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As time went by and our success continued, the Society became bigger and better. The quality and standard of the varied repertoire always drew large audiences, but that was not all! Such was the skill and expertise of the people involved that at one stage I had to ask myself: "Are we really amateurs?"

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In 1954, with Mary Varley and Harry Belcher in "Rose Marie" as our musical, we also put on a straight play, "Death Takes a Holiday".

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By 1957 the Society was acknowledged as a top class amateur group. That was the year that we staged "The Student Prince", and Mr. Robinson, our Musical Director, conducted a thirteen-piece orchestra. A comparative new-comer, Dennis Boardman, and Mary Varley, played the leading roles, supported by an excellent cast.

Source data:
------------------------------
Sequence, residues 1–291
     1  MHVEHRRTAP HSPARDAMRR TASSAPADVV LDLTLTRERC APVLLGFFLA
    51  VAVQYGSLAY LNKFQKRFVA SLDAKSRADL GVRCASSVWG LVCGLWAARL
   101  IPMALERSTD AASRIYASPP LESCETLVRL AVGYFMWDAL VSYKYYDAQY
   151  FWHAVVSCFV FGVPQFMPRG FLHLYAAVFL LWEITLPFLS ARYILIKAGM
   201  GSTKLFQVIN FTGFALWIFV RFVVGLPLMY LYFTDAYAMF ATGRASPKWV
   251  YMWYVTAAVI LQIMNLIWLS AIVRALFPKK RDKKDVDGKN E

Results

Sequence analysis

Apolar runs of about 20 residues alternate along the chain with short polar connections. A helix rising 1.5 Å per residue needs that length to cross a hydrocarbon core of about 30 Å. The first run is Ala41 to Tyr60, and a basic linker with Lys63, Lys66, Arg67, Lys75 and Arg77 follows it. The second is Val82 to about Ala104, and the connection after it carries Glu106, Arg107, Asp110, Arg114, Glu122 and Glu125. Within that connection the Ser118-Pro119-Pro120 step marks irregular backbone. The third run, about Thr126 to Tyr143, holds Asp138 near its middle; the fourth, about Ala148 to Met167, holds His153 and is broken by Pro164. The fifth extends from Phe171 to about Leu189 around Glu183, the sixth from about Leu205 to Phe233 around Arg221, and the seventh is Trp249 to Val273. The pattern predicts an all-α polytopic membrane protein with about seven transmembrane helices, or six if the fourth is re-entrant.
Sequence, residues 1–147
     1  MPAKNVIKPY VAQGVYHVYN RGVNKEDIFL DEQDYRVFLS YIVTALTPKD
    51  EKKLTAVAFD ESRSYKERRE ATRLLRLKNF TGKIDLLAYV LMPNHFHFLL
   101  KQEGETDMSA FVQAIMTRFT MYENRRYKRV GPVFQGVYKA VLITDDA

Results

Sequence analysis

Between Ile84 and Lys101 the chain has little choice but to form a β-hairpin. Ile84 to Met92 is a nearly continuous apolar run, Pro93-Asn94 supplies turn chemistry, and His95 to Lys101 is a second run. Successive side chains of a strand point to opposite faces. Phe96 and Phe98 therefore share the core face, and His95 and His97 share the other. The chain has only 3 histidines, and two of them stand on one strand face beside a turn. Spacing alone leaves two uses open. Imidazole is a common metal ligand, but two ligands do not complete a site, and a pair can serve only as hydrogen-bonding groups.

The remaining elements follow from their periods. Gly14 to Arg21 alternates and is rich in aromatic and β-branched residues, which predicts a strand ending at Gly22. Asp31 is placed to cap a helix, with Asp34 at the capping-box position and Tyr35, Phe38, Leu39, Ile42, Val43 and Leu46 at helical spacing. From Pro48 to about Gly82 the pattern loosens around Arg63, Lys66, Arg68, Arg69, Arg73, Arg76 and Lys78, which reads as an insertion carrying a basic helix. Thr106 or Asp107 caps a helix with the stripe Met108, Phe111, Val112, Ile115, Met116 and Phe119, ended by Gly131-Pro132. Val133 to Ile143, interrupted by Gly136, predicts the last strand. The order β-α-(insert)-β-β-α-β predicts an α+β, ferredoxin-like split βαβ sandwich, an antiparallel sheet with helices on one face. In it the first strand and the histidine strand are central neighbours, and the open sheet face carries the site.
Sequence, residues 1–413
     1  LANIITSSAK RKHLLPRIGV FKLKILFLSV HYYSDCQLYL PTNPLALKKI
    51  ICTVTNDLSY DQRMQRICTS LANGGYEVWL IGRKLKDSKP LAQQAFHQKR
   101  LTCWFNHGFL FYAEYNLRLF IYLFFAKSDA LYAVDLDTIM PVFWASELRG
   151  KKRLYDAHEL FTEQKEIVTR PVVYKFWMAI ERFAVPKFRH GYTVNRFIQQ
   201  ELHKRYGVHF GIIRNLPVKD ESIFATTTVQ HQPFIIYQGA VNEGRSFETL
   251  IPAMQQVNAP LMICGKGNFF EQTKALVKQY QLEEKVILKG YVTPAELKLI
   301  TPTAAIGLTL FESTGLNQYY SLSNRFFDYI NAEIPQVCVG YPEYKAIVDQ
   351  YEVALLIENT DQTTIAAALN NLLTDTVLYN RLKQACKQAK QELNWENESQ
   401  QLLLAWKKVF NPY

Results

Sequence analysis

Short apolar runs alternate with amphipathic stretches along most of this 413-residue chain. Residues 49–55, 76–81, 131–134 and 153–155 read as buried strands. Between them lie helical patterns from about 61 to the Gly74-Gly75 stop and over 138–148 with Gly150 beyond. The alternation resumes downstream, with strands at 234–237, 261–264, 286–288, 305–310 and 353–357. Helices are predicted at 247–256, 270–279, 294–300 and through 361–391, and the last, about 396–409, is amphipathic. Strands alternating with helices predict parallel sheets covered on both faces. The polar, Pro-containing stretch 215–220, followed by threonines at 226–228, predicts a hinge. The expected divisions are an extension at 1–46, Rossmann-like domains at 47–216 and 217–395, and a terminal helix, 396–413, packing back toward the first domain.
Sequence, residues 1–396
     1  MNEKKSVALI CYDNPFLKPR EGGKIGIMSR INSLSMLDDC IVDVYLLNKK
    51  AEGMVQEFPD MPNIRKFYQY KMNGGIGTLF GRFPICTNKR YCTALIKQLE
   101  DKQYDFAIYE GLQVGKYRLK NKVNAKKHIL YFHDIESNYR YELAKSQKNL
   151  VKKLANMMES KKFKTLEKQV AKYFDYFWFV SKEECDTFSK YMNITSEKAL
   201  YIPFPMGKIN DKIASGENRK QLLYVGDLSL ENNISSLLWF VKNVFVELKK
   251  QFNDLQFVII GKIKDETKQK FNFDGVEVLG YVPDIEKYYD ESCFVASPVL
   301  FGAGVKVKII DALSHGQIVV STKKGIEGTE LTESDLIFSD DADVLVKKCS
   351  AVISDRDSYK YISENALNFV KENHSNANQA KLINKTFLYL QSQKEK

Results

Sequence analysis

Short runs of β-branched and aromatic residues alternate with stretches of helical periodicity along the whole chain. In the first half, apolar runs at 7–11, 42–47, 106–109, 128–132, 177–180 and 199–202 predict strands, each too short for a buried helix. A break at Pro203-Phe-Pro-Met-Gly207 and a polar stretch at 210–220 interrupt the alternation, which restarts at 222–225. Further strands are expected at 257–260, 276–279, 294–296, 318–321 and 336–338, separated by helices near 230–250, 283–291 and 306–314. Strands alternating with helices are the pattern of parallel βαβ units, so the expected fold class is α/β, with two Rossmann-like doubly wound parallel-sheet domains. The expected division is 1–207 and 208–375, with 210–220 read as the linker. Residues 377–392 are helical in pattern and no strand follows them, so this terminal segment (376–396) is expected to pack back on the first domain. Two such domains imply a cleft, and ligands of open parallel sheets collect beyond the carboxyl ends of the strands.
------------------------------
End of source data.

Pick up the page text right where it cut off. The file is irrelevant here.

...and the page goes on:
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This show brought a change of venue for us. With the large numbers of people involved and the amount of sophisticated equipment we were now using, it was decided to use the larger hall at St. Thomas More Secondary School in the future. So, in 1958, when Juanita Griffiths, who had been responsible for many of our past shows, produced "The Countess Maritza", our audience, too, was larger.

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It was during that same year that our Parish Priest and Society President, Father Shee, died. Throughout his 34 years at St. Joseph's, he had taken an active interest in the Society, and we were all deeply saddened by his loss.
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When Father Heffernan became Father Shee's worthy successor, he also became our President, but, unfortunately, in 1959, the Society was disbanded, so "The Countess Maritza" proved to be our final show.
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St. Joseph's Operatic Society created many friendships and fulfilled a lot of dreams. For some, the experience sparked off a deeper interest in music or the stage, which led to greater achievements in those fields. Others acquired the skills and confidence to venture into different areas. We all worked so hard and willingly as a team for the success of the shows, that we gained strength from each other.